Keep Calm contains 1000 custom crowns that you can replace the crown at the top of the poster with (as well as the option for images and emoji). In previous versions these have always been @2x PNG files and they took up about 70% of the app's bundle size. This has been fine up until now, but with the @3x iPhone 6+ I really needed to improve the quality.
Now Keep Calm ships mostly with PNGs still but many of the more common crowns have been replaced with vector paths instead. These vectors have been produced by:
- Taking the original SVG file and simplifying it down to one path using Sketch
- Converting strokes to filled paths
- Exporting each crown as an SVG file
- Running a custom C program on each SVG file to produce binary encoded path data, which is then stored in an SQLite database
- Keep Calm loads the binary path data from SQLite and decodes it using a custom UIBezierPath extension
- Paths are rendered in a custom view using the appropriate color
As the binary encoded path data is fairly efficient the app's bundle size will slowly decrease as I convert more crowns to the new format, but more importantly the quality of the rendered crowns on screen will vastly improve.
Core Image colorization
As well as being able to change the crown in Keep Calm, you can also change the color of it. In older versions of the app the white crown PNGs were filtered using a CIColorMatrix filter. Unfortunately, despite having the math right, the produced color was always slightly different from the text. It was usually fine for gray scale colors, but anything else would be off by ±5%. I'm still yet to establish why this occurred, but there was an easy work around.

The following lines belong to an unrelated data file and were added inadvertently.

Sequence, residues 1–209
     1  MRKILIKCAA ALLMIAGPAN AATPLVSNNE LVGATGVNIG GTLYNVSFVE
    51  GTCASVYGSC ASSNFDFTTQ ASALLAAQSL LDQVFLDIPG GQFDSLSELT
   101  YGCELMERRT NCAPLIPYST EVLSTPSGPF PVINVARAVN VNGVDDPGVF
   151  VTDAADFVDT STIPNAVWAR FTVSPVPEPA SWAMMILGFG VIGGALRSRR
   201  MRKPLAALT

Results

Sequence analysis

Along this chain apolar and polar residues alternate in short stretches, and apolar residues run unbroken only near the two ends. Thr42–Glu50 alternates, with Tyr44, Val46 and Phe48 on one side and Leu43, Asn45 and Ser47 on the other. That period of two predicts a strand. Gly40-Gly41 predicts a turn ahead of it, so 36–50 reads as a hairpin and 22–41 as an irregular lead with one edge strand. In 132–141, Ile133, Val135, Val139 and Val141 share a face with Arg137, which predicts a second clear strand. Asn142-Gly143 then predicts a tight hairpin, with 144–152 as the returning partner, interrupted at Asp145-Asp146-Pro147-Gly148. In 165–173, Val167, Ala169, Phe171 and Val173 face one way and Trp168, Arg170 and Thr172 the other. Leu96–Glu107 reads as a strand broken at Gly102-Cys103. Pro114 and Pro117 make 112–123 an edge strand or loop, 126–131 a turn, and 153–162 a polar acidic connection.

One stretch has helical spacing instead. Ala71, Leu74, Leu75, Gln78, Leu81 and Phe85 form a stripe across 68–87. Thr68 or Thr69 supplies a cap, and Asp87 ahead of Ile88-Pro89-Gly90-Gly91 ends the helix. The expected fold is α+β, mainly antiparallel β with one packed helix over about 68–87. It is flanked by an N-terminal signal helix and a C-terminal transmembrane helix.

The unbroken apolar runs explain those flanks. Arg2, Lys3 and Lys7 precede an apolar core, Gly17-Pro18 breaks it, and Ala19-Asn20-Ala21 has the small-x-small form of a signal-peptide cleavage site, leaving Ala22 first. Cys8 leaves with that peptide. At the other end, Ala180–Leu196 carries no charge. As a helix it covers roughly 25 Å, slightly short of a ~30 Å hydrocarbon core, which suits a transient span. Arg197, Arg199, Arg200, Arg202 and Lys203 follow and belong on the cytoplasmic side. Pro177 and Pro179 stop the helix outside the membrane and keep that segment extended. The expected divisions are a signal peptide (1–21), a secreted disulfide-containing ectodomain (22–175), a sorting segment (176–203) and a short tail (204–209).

I now create a plain CIImage which represents a single color. Then I apply a mask to that image using the alpha channel of the crown image. The result is a correctly colored crown image.
This bug has been in Keep Calm for nearly two years, so I'm delighted to finally fix it once and for all.
Supporting iOS 7 and 8
Keep Calm 4.x will continue to support iOS 7 into the foreseeable future. I'm not depending on any iOS 8 features like extensions, so it makes sense to support iOS 7 still. Furthermore, given that iOS 8 adoption is slower than iOS 7 it will be a while until the majority of my customers are on iOS 8. A key factor I have to consider is that the vast majority of Keep Calm users tend to be children, so devices like the iPod touch and 16GB iPhones make up the majority of my users. These devices may not have been updated to iOS 8 in fears that it will slow them down or that it requires too much free storage space.
This update doesn't contain any Swift because it was primarily written against the iOS 7 SDK in about July (I was slow releasing it because of the extra work of vectorizing crowns). I'm pretty sure that I will begin to use Swift more over the next few months, but for now I'm restricting it to where I'm creating new classes.
Keep Calm on iOS remains a priority for me over the Android version. Over the next few months I'll be adding more vector crowns and bug fixes. The next update (probably 4.1) will likely be a 'Snow Leopard' style release where changes are primarily just fixes and minor improvements rather than major new features.
About half of all of the code in Keep Calm is in my private shared framework that I use across my apps. I've finally begun cleaning it all up and putting it in separate modules, so it is actually reasonably likely that it will be fully open sourced in the next few months :).